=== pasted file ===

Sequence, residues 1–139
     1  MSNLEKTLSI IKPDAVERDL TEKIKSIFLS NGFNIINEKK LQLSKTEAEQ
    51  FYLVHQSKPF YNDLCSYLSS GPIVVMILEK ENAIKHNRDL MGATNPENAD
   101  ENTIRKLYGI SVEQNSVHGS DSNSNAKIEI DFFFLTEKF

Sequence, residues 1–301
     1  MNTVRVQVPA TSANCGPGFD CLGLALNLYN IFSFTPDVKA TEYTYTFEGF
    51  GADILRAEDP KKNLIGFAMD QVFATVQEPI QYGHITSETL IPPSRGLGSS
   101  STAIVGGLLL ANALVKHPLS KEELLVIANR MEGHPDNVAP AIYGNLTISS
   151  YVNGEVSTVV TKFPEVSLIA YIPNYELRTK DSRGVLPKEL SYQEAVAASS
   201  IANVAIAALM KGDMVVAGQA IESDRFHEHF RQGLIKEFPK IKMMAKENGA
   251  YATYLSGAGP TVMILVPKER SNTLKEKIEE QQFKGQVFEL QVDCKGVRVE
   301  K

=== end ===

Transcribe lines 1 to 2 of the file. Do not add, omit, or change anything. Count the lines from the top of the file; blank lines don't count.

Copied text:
Sequence, residues 1–139
     1  MSNLEKTLSI IKPDAVERDL TEKIKSIFLS NGFNIINEKK LQLSKTEAEQ